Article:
MOL Expands LNG Investment Ordering Five Capesize Bulkers

LNG fueled bulker
MOL is ordering LNG bulkers while pursuing ammonia as a longer term strategy (MOL)

Published Dec 19, 2023 7:01 PM by The Maritime Executive


Japan Mitsui O.S.K. Lines is continuing its move to adopt LNG-powered vessels as part of its decarbonization plan. The company announced orders for five of the largest dry bulk carriers in its fleet, Capesize vessels, as it continues its fleet expansion efforts.

The order for the new ships will be split with two ordered from the Nihon Shipyard group in Japan. The vessel will be about 209,000 dwt and 984 feet (300 meters) in length. These vessels will be built by Imabari Shipbuilding as part of the Nihon group.

The design places the LNG take aft of the deck house. The position of the tank is similar to the Reimei a 95,700 dwt Panamax-size coal carrier, delivered last month as one of the first two LNG-fueled bulkers in its fleet of approximately 200 ships. The company has been operating one LNG-fueled vessel since March 2023.

The second newbuild order was placed with CSSC Qingdao Beihai Shipbuilding Co. in China. They will be building three 210,000 dwt bulkers also fueled by LNG. The vessels are slightly larger and the design shows two LNG tanks placed around the deckhouse.

The five new vessels are due for delivery in 2026 and 2027 and bring to 12 the total number of LNG-fueled Capsize bulkers MOL has on order in addition to one already in service. They also have another Panamax-size LNG-fueled bulker on order in addition to the Reimei. The recently delivered vessel is operating carrying coal under a long-term charter to Kyushu Electric Power Co.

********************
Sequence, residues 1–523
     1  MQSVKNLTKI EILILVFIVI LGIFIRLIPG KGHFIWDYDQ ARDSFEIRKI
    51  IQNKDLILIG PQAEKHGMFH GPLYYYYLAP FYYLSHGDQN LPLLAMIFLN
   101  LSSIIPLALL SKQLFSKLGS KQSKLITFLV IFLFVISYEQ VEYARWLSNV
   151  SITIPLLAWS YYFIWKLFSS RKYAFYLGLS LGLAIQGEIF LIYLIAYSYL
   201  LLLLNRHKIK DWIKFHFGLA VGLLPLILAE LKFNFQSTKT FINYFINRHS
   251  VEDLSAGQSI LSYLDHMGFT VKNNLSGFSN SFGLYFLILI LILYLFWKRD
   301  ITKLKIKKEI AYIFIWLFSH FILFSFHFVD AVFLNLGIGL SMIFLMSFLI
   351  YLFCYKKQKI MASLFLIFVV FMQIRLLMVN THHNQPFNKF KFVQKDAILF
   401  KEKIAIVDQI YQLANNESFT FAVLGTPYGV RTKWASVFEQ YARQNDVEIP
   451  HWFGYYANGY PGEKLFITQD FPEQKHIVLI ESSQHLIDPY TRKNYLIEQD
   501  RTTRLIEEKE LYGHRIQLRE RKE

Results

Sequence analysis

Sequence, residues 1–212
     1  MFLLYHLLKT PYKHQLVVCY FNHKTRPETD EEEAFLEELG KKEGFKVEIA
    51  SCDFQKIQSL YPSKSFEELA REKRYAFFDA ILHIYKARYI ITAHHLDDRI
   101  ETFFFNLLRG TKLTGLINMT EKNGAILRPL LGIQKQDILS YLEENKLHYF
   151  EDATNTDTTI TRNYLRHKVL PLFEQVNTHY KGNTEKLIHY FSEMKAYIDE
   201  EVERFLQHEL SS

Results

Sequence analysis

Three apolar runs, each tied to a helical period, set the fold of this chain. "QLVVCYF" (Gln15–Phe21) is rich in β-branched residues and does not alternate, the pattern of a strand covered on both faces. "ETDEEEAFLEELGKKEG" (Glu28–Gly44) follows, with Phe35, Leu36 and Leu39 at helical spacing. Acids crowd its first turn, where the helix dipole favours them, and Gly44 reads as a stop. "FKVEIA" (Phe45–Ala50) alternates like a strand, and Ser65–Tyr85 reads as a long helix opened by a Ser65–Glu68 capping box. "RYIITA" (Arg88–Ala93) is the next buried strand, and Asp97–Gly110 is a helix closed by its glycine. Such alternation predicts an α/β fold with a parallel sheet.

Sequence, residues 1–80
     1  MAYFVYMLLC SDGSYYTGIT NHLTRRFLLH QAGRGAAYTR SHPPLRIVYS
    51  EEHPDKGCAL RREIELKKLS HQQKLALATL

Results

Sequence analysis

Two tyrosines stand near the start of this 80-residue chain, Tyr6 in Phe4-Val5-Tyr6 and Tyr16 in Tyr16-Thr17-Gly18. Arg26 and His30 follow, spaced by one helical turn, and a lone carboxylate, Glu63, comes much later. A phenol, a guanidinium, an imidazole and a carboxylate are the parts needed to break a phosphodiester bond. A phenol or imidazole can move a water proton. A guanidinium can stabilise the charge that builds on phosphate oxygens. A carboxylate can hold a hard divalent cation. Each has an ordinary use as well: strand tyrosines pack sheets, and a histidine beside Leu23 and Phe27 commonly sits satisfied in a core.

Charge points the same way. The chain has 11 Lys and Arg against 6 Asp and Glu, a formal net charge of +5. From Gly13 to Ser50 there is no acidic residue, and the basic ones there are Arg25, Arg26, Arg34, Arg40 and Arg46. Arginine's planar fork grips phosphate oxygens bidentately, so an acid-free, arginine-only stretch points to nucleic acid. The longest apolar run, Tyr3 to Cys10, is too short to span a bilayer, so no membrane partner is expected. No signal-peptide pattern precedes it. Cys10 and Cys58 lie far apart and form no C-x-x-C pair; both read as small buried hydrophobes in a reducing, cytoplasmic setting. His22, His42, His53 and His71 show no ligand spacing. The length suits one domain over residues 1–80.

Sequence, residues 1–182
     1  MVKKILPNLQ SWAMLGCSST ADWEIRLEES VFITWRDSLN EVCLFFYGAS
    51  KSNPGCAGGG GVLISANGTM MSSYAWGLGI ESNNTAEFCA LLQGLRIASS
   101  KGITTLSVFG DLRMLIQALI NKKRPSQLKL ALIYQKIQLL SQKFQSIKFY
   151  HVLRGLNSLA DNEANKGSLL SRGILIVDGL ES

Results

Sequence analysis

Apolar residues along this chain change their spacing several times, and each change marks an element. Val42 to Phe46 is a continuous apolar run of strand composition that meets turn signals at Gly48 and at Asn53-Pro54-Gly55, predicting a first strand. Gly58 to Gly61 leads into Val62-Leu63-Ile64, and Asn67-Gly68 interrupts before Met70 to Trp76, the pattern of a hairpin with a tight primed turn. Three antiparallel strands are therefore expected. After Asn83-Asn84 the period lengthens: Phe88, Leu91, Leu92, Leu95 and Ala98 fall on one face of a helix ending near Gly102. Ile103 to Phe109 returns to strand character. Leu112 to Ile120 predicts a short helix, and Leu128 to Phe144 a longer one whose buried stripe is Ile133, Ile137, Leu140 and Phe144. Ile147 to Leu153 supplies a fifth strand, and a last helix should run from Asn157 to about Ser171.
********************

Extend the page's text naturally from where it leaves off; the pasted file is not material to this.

MOL's Panamax LNG-fueled coal carrier entered service in November (MOL)


The order for the new ships is part of a broader strategy by the company to adopt LNG as a core element in its future strategy. MOL highlights that it now has a total of 32 ocean-going LNG-fueled vessels ordered with six already in service. This includes in addition to the two bulkers, two ferries, and a coastal cargo vessel as well as a demonstration project with an LNG-fueled tug which is now being converted to ammonia.

MOL is adopting LNG across all segments of its operations. On order for the next phase of the implementation of the LNG strategy are 13 car carriers as well as four VLCC tankers. MOL’s strategy calls for the company to have 90 LNG/methanol-fueled vessels in operation by 2030. The company expects that future fuels such as ammonia are at least a decade away from being commercially operational. 

The shipping line has also been testing other strategies including the use of a rigid wind sail and near-term use of biofuels. MOL aims to be operating net zero carbon emissions by 2050.